Citizen Participation in Presidential Debates Kicked to the Curb This Election
Campaigns mounted to ask the candidates questions about human rights abuses and atrocities in places like Darfur, the Sudans, and the Democratic Republic of the Congo were ignored.
Cross-posted from the United to End Genocide blog.
On October 22, The Guardian's Glenn Greenwald summed up the dismal state of the foreign policy debate perfectly:
That was just a wretched debate, with almost no redeeming qualities. It was substance-free, boring, and suffuse with empty platitudes. The vast majority of the most consequential foreign policy matters (along with the world’s nations) were completely ignored in lieu of their same repetitive slogans on the economy.
In previous years, the debates welcomed questions from citizens. In 2008, more than 7 million Democrats and Republicans engaged with the YouTube debates. These debates allowed for citizens to not only send in video questions, but to also post written responses for discussion and for use on the CNN program. This year, citizen input was kicked to the curb, though not for a lack of trying. Greenwald notes:
Numerous foreign policy analysts, commentators and journalists published lists of foreign policy questions they wanted to hear asked and answered at this debate. Almost none was raised. In sum, it was a perfect microcosm of America’s political culture.
One such group, our student-led division, STAND, hand delivered 777 letters to debate moderator Bob Schieffer requesting that he ask the candidates “How will you strengthen the United States’ atrocity prevention efforts as president?”
And Act for Sudan ran a strong campaign to “ask the candidates how they propose to revamp U.S. policy on Sudan to ensure that the slaughter of innocent civilians does not continue on our watch and with tacit U.S. support?”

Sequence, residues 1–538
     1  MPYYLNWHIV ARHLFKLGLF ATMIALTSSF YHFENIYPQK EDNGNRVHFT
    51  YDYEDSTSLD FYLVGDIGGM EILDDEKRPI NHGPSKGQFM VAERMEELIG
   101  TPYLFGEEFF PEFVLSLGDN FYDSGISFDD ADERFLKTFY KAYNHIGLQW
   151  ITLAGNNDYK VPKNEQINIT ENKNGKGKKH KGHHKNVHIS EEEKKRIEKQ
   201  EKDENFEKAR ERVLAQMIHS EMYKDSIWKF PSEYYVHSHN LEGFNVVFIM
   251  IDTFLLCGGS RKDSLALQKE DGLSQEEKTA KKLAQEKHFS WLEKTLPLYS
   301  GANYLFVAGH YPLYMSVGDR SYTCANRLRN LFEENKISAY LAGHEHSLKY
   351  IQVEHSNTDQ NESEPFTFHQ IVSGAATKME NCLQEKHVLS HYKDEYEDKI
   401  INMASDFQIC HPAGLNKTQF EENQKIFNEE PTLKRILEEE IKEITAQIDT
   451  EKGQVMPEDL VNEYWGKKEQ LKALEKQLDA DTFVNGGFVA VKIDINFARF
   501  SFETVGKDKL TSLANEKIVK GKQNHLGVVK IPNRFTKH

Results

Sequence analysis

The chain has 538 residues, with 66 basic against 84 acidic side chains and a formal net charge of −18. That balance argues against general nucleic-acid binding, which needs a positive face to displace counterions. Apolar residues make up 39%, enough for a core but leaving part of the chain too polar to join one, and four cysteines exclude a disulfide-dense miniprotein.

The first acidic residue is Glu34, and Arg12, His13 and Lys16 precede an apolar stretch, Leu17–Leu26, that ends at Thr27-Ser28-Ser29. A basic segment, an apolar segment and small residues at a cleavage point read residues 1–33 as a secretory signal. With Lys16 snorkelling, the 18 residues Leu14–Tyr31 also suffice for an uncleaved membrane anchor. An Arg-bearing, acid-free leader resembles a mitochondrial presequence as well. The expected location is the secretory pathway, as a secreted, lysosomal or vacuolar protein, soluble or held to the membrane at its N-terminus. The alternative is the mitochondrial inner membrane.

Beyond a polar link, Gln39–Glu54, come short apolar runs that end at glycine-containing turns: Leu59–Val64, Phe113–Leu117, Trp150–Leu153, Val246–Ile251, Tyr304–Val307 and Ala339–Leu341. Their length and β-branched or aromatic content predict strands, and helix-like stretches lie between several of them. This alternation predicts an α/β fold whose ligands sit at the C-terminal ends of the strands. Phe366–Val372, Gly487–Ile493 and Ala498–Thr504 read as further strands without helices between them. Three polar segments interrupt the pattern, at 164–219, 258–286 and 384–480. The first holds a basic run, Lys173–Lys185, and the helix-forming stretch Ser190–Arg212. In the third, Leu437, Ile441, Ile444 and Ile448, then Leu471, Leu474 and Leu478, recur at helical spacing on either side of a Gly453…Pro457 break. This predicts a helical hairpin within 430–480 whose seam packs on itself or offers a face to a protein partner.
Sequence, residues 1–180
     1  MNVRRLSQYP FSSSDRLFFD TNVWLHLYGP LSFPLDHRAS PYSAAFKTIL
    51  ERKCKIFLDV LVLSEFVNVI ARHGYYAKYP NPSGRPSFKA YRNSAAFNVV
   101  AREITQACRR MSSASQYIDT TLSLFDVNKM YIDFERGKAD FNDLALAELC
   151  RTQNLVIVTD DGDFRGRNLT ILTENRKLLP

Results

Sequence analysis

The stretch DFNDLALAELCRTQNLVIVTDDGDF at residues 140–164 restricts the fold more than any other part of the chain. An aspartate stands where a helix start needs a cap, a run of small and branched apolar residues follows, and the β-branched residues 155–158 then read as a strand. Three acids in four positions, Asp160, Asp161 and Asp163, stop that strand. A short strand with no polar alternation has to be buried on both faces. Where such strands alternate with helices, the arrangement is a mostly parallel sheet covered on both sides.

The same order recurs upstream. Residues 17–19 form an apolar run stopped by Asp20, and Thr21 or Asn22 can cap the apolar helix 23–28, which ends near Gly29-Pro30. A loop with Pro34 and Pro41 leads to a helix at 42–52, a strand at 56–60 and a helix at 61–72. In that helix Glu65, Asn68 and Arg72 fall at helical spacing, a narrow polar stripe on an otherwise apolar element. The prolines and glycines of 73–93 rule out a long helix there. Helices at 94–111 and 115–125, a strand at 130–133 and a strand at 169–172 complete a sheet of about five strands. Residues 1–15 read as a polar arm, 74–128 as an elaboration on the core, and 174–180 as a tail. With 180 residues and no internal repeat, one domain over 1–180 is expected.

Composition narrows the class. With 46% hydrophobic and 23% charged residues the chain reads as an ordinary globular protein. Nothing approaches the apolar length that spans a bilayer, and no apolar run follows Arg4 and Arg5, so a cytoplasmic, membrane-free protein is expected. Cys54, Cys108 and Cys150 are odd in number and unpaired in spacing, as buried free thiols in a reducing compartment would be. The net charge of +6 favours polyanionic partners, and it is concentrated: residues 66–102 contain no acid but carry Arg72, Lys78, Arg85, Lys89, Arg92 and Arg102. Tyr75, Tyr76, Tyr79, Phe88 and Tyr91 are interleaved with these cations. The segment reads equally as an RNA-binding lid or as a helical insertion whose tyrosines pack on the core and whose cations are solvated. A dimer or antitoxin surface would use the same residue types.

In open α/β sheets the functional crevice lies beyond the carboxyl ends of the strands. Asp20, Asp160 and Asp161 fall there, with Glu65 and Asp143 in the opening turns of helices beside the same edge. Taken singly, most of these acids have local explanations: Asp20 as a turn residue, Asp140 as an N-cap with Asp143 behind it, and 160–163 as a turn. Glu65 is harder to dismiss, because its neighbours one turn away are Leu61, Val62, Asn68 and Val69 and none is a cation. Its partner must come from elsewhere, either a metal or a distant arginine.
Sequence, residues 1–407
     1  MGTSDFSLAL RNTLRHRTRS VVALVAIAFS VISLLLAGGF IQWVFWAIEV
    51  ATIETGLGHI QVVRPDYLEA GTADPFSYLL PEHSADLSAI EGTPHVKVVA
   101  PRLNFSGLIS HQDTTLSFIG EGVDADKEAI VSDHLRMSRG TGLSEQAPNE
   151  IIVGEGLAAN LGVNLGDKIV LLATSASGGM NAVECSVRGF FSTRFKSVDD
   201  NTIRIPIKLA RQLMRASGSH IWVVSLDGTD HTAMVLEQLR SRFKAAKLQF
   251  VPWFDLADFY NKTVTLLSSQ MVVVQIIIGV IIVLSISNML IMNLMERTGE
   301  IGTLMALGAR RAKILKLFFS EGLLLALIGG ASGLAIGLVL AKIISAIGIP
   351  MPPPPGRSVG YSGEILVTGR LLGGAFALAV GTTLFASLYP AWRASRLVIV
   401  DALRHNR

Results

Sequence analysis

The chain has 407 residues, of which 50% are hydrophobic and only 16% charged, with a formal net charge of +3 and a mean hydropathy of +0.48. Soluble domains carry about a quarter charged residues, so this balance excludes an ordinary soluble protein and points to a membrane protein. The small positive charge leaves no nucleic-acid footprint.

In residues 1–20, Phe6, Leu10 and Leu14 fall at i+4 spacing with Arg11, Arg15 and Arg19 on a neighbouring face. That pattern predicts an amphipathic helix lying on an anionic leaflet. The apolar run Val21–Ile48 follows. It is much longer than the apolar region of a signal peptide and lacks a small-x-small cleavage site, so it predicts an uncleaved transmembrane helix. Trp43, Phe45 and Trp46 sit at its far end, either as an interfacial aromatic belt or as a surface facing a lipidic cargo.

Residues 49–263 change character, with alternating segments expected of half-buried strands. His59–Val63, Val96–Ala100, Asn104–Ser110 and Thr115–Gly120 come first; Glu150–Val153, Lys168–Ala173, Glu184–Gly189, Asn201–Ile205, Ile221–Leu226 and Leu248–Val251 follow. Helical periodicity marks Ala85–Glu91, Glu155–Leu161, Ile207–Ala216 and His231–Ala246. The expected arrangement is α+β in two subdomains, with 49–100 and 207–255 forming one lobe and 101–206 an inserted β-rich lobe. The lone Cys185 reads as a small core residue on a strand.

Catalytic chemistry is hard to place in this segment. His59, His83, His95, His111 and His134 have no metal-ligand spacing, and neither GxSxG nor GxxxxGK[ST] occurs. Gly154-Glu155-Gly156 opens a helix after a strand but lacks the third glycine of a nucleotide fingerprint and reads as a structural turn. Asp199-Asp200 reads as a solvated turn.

Instead, the candidates sparred over anticipated questions about our relationship with Israel and the Middle East, Iran’s nuclear capabilities, our military capabilities, and our relationship with China. The larger question facing our nation about the U.S. role in the world and how the candidates themselves would define what is in the national security interest of the United States was almost completely ignored.
Writing for OpenDemocracy, Ruth Rosen called out Schieffer and the candidates for this failure:
What would a real national security look like? This debate never really took place. For starters, we would protect human rights and civil liberties, here and abroad. National security should be about strengthening our democracy and creating an example that billions of people around the world would like to emulate.
These are core components of what our foreign policy should look like. However we need more of an outward look – a debate about real national security should extend beyond our own borders and ask what impact our polices are having across the globe.
What we heard from both candidates was a narrow view of what is in the direct interest of the United States. That view excludes the voices of marginalized people under attack in places like Darfur, Blue Nile, and Abeyei in Sudan and South Sudan or those in places in the DR Congo or Burma. The list unfortunately goes on.
Ultimately, the fallout from this narrower vision lands on us – the citizens standing with those at greatest risk around the world. After hearing the debate, those of us who have stood for people in Darfur, in Syria, in DR Congo, and anywhere atrocities are happening know our voice is still needed. Those of us calling for greater prevention efforts, like the Atrocities Prevention Board, must redouble our efforts. And as we see a narrowing interest in the world from the candidates, we know we have a lot of work ahead of us.
Erik Leaver is the Director of Digital Strategy for United to End Genocide. He previously served as Communications Manager at the Institute for Policy Studies.